WYTHE HOTEL: 80 Wythe Ave. (at N. 11th St.) Williamsburg, BKLN
Upstairs at Ides Bar | 8PM-1:30AM

APR Sun 21 Mon 22 Tues 23 Wed 24 Thurs 25 Fri 26 Sat 27

The ever-sprawling, folk-psych-world-influenced Akron/Family are releasing their new album, Sub Verses, next week on Dead Oceans, and will be celebrating with a live performance at Bowery Ballroom that Wednesday, April 24, with Eric Copeland and M Geddes Gengras opening. Other Music is giving away a pair of tickets to this special night and you can enter for a chance to win by emailing tickets@othermusic.com.


APR Sun 21 Mon 22 Tues 23 Wed 24 Thurs 25 Fri 26 Sat 27

This coming installment of the Modern School of Film's fantastic, on-going Film:Acoustic series will feature Iron and Wine's Sam Beam, who has picked Mike Leigh's unheralded masterwork Naked to present on Thursday, April 25 at the IFC Center. After the screening, Beam will discuss the film as well as its inspiration on his own music, including the new Iron & Wine album Ghost on Ghost just released on Nonesuch. Other Music is giving away one pair of passes to this night and you can enter by emailing enter@othermusic.com.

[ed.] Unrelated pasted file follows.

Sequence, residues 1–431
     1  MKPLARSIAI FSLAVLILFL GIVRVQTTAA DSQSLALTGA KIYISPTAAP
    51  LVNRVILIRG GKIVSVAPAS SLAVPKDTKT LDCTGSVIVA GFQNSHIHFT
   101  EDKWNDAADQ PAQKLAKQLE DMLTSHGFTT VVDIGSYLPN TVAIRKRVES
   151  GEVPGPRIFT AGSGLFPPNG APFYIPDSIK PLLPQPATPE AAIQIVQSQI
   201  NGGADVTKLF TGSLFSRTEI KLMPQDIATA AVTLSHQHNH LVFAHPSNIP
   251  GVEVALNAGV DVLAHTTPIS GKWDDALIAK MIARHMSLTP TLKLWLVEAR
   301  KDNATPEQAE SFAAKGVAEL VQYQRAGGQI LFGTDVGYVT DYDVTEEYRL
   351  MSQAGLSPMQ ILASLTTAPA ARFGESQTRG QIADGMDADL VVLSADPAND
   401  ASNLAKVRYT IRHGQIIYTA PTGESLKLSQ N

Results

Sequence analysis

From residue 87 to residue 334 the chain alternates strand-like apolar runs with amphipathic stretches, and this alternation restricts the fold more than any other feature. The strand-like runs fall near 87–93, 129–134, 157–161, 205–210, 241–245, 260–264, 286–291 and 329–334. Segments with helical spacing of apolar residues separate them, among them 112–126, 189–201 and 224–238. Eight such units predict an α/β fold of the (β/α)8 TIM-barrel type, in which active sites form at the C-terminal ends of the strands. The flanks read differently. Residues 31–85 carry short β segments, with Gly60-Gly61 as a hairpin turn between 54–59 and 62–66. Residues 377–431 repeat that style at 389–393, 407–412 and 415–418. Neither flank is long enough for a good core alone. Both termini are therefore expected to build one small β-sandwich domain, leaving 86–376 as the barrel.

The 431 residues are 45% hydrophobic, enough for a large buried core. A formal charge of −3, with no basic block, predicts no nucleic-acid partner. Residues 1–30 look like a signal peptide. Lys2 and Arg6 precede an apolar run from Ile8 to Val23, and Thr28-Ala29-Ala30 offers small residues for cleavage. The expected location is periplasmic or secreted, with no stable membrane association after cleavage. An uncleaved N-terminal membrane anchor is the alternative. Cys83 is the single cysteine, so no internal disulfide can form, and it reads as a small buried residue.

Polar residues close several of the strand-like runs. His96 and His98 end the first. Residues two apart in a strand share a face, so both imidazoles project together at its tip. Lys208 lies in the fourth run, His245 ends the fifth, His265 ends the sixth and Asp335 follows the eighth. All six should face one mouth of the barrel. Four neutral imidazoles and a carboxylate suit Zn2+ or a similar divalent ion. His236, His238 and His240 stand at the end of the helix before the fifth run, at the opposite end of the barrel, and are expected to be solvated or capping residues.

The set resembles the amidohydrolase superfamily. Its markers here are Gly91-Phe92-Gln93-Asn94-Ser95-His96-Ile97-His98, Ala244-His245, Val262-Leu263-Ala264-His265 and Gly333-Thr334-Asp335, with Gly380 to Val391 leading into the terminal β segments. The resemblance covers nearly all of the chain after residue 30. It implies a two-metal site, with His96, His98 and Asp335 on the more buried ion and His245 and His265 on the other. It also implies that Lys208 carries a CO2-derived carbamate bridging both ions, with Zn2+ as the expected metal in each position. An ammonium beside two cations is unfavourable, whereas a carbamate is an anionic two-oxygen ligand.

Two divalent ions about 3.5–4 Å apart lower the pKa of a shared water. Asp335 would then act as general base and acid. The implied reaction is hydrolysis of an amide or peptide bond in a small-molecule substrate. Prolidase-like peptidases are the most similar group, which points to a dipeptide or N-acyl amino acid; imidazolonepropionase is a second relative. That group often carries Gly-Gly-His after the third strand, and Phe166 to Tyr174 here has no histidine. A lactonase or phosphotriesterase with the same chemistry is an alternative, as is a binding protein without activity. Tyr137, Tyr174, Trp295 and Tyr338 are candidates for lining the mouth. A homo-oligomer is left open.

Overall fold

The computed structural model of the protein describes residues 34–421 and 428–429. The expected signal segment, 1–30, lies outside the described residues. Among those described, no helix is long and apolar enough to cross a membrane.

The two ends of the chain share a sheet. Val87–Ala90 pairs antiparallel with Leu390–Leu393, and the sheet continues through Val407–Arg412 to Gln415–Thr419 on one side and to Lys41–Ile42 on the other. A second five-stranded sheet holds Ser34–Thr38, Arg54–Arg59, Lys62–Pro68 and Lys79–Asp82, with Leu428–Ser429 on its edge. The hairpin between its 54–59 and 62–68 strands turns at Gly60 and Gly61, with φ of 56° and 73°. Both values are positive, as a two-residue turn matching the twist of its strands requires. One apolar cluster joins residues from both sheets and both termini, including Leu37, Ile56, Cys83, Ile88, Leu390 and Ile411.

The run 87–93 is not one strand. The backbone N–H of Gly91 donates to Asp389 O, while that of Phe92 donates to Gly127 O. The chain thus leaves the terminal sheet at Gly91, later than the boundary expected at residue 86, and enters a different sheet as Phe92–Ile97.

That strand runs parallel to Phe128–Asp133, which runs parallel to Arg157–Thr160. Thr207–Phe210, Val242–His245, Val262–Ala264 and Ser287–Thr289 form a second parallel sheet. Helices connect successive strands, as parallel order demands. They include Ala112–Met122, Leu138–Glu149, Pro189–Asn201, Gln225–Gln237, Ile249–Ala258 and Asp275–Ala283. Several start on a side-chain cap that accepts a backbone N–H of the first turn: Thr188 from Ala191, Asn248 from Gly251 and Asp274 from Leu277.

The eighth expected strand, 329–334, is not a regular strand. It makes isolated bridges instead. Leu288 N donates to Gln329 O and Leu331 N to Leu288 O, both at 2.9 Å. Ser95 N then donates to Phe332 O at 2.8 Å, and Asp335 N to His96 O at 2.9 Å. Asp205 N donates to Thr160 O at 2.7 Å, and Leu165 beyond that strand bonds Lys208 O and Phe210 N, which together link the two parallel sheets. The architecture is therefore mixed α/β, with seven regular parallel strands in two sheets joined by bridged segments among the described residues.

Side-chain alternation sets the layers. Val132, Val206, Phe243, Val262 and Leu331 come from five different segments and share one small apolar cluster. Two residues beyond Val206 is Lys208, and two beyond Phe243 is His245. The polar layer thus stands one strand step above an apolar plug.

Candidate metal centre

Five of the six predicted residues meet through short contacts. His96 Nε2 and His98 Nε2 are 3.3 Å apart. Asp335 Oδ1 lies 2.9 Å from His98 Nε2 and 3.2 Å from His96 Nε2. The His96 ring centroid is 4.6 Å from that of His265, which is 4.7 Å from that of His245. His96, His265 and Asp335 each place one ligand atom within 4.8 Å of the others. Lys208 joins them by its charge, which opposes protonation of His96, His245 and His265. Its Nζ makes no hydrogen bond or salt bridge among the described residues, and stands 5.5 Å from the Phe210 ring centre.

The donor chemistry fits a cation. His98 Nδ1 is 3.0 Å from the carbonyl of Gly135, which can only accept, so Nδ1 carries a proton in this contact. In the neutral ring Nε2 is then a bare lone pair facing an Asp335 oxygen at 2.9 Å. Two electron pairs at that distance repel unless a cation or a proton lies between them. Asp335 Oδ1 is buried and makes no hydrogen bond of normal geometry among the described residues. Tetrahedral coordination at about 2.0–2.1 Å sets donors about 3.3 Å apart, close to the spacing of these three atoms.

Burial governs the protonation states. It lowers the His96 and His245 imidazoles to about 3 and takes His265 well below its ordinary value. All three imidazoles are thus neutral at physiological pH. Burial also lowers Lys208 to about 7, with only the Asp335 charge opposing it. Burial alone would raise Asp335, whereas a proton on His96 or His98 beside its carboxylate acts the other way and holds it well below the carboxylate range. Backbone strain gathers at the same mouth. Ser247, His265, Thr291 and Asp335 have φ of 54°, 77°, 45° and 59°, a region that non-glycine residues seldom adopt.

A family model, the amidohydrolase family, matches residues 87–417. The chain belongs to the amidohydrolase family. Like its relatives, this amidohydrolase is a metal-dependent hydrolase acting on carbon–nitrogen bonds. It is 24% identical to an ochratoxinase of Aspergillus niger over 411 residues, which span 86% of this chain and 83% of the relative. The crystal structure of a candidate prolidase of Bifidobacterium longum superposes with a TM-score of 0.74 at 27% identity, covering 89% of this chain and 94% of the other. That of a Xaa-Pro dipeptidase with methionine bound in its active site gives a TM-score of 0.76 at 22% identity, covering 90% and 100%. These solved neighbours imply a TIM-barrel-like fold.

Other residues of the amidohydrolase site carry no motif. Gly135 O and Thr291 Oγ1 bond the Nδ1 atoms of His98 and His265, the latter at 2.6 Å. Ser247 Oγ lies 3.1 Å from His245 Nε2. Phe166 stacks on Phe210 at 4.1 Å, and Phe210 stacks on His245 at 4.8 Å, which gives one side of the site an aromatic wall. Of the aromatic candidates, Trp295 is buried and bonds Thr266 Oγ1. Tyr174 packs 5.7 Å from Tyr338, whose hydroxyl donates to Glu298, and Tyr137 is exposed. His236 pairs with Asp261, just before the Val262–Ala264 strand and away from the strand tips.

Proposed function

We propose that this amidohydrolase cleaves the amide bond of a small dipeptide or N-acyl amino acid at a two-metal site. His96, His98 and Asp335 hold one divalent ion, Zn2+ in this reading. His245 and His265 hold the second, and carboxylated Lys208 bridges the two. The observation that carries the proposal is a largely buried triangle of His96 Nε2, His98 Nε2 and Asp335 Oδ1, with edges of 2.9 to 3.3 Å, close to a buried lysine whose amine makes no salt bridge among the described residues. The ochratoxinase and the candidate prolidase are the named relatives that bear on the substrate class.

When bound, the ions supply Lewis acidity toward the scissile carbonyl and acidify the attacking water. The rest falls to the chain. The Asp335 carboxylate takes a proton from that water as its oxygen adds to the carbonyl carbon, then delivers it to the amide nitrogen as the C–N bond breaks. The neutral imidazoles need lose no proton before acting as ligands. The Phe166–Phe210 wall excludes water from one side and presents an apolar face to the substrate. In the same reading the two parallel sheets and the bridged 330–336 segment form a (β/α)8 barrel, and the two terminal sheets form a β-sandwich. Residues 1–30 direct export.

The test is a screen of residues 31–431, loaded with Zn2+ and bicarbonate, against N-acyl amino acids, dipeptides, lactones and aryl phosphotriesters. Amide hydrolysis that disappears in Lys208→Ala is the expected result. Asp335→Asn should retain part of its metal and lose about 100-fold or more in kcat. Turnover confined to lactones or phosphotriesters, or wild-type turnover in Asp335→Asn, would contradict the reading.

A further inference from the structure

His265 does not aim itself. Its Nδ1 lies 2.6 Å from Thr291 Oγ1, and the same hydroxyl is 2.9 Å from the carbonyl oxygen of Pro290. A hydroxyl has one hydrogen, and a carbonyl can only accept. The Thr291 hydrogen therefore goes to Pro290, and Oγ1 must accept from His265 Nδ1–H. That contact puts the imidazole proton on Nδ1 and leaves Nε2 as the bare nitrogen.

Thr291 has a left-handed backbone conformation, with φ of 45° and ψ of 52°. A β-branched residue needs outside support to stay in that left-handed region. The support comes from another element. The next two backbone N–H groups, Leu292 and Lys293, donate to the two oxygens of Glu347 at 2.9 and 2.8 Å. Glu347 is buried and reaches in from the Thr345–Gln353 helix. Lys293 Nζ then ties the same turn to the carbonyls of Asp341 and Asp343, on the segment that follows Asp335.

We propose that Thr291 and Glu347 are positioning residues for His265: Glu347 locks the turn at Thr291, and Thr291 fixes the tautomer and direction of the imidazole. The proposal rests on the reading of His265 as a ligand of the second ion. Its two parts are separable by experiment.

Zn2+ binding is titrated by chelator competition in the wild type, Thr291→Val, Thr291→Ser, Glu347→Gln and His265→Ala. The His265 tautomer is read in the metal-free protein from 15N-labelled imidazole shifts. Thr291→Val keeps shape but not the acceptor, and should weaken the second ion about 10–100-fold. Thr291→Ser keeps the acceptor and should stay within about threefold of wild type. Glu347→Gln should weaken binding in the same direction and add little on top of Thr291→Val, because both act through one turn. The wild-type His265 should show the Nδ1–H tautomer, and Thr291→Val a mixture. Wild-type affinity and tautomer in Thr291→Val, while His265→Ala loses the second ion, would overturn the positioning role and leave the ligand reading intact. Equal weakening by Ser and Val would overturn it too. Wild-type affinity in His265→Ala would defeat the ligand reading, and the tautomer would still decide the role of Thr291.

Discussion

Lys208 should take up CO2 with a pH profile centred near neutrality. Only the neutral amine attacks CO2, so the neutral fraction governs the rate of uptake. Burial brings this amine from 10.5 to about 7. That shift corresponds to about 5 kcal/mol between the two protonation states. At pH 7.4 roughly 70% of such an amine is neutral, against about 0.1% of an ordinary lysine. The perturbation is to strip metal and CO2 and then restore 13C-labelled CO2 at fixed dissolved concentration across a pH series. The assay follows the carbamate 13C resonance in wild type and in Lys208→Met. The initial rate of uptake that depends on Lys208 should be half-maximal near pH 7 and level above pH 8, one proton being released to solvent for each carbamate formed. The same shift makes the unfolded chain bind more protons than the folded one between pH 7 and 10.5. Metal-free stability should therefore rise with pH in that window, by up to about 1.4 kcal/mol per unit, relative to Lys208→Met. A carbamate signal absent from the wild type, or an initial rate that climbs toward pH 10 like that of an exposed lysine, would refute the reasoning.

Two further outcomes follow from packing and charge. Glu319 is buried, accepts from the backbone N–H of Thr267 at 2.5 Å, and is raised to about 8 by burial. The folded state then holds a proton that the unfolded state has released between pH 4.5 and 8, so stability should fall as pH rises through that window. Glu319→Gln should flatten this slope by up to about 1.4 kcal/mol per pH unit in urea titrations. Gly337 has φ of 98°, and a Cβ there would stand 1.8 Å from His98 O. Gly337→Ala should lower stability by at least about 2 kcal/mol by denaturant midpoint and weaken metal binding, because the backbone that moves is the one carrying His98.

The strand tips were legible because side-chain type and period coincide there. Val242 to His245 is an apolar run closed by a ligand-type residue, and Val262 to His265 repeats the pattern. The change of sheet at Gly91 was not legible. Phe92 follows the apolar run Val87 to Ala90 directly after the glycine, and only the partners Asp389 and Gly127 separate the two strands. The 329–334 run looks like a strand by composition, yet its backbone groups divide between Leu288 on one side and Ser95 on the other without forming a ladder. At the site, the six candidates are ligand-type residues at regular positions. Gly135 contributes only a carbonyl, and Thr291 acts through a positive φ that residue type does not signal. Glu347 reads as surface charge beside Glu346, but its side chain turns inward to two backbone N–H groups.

IFC CENTER: 6th Ave at W. 3rd St. NYC

MAY Sun 19 Mon 20 Tues 21 Wed 22 Thurs 23 Fri 24 Sat 25

Wordless Music presents two Liars shows next month, on May 18 at the Temple of Dendur in the Sackler Wing at the Met Museum, and then the following night, Sunday, May 19, at the Brooklyn Masonic Temple, which is co-presented by BOOM Collective. Other Music is giving away two pairs of tickets to the Brooklyn Masonic Temple performance, which also has Lower Dens opening. To enter for your chance to win, email giveaway@othermusic.com.

BROOKLYN MASONIC TEMPLE: 317 Clermont Ave. Fort Greene, BKLN





$26.99 LPX2


Faint Hearted
(Modern Love)